Meta Faces Second Class-Action Lawsuit for Violating User Privacy on iOS

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Users of Facebook’s iOS app are suing Meta for allegedly collecting their data even after they opted out of it using a privacy feature Apple introduced in April 2021. Two iOS users of Facebook filed a class-action lawsuit on Wednesday in a San Francisco federal court, the second-such class action lawsuit against Meta in one week.

According to allegations in the class-action fightMeta bypassed the privacy-preserving capabilities of App Tracking Transparency (ATT), such as eliminating cross-host tracking on iOS, by setting up alternative methods on third-party websites through in-app browser applications.

When released with iOS 14.5, ATT had an opt-out (from tracking) rate of 98% in the US, ie, only 2% of the US users allowed apps to track them. As of May 2022, the number of US users that have enabled app tracking (opt-in rate) on iPhones is up to 18%. Similarly, the global opt-in rate for tracking on iOS increased from 11% in April 2021 to 25% in May 2022.

The alleged litigants that Meta violated the Wiretap Act and the Invasion of Privacy Act by continuing to track users and intercept data otherwise unavailable to it.

“Meta tracked and intercepted her specific electronic activity and private communications with external third-party websites without her [one of the litigants] knowledge or consent,” the lawsuit reads.

“Ms. Davis reasonably expected that her communications with third-party websites were confidential, between herself and those websites, that such communications — which include text entries, passwords, personally identifiable information, and other sensitive, confidential and private information — would not be intercepted or tracked by Meta.”

The lawsuit relied on findings by Felix Krause, a data privacy researcher and former Google engineer. He discovered that Meta still tracks Facebook and Instagram users by circumventing the privacy settings otherwise enforced on the remaining apps through ATT.

Krause’s August report, titled, iOS Privacy: Instagram and Facebook can track Anything you do on any Website in their In-App Browserdetails how users are redirected to the website via an in-app browser developed by Meta itself, instead of Apple’s Safari or any other third-party browser, when they click a link in the Facebook or Instagram apps.

Flowchart of User Tracking on Facebook and Instagram Through In-App Browsers | Source: Felix Krause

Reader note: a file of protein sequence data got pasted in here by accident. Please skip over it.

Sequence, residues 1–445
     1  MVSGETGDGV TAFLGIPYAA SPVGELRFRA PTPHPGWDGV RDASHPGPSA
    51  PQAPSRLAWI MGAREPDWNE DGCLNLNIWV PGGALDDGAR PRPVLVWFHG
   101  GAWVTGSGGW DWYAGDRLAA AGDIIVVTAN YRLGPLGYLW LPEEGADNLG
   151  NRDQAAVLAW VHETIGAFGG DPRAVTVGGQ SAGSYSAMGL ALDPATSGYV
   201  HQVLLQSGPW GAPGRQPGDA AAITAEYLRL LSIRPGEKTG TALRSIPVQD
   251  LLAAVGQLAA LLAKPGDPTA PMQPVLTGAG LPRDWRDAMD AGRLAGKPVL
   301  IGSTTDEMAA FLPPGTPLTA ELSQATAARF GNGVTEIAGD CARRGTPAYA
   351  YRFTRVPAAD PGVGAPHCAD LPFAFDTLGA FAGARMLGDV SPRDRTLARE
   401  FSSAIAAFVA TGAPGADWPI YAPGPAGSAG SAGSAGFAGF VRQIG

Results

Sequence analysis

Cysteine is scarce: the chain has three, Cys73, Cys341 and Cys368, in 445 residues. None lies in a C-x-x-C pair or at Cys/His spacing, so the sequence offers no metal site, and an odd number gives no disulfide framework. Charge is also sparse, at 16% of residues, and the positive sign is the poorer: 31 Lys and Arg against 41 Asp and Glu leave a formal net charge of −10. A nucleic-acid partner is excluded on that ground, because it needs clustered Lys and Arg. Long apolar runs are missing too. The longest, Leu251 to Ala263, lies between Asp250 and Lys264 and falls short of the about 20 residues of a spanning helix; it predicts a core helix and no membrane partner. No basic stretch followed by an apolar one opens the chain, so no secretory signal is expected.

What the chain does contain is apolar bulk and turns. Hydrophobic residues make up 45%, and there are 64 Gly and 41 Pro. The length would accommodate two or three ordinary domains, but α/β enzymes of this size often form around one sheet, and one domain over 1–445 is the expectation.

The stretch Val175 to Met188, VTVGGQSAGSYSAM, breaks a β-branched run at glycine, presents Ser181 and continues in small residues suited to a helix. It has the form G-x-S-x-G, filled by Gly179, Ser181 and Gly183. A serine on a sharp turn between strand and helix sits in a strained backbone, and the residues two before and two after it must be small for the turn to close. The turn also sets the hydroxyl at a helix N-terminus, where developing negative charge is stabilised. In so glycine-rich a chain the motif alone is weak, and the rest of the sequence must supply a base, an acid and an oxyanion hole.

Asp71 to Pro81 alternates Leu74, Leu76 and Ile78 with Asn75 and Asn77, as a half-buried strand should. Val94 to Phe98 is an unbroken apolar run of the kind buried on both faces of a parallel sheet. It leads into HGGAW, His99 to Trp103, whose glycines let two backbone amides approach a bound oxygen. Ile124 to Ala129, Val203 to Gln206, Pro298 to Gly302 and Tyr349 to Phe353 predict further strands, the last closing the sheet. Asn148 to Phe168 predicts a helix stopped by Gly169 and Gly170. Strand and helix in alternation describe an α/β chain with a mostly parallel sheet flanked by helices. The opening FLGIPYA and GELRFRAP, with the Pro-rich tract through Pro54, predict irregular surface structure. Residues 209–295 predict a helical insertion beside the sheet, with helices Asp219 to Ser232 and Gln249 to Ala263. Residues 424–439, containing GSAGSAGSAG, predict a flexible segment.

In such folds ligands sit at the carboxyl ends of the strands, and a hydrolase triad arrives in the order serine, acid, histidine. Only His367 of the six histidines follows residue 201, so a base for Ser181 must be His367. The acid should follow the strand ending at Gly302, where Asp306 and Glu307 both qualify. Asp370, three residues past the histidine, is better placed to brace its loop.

See More: South Korea Fines Google and Meta a Combined $72M for Privacy Violations

In-app browsers are different from third-party ones. Meta can and is designing in-app browsers to inject javascript code into websites. “Building your own in-app browser takes a non-trivial time to program and maintain, significantly more than just using the privacy and user-friendly alternative that’s already been built into the iPhone for the past seven years,” Krause noted.

Facebook In-App Browser Injecting JavaScript Code in Third-Party Website

Facebook In-App Browser Injecting JavaScript Code in Third-Party Website on iOS (left) and Android (right) | Source: Felix Krause

Though not mentioned in the litigation, in-app browsers also impact app usability. When a website opens in an in-app browser, it limits the ability of users to go back and use the app unless the in-app browser is closed. A simple prompt asking users to ‘always open in browser’ used to do the trick but has been eliminated.

The plaintiffs also alleged that while Meta non-consensually monitored and tracked users, it also failed to disclose these activities through the Off-Facebook activity section of the Facebook app.

“Meta fails to disclose the consequences of browsing, navigating, and communicating with third-party websites from within Facebook’s in-app browser — namely, that doing so overrides their default browser’s privacy settings, which users rely on to block and prevent tracking,” the lawsuit reads.

“Similarly, Meta conceals the fact that it injects JavaScript that alters external third-party websites so that it can intercept, track, and record data that it otherwise could not access.”

The latest lawsuit was filed by California’s Gabriele Willis and Louisiana’s Kerreisha Davis, while California-based Wayne Mitchell filed the previous one. Both class-action cases apply to everyone with an active Facebook account who visited a third-party external website on Facebook’s in-app browser in the US

Meta, like Google, relies on online advertising for the lion’s share of its revenue. In Q1 2021before ATT was introduced, and in the most recent Q2 202287.2% of Meta’s total revenue came from advertising.

But unlike Google, the company doesn’t have a popular mobile OS or a search engine to fall back on for business. As a result, the social networking giant saw its total revenue decline in Q2 2022, while its profits slid for the third straight quarter. The company is currently trying to cut costs and has initiated layoffs.

If Willis and Davis or Mitchell wins, eligible people are entitled to $10,000 or $100 per day for each day of violation under the Wiretap Act and statutory damages to the tune of $5,000 per violation under the California Invasion of Privacy Act (CIPA).

Meta was fined ₩30.8 billion (~$22.11 million) in September 2022€17 million (~$18.6 million) in March 2022and €60 million (~$67.87 million) in January 2022 by South Korean, French, and Irish regulators, respectively, for data privacy violations.

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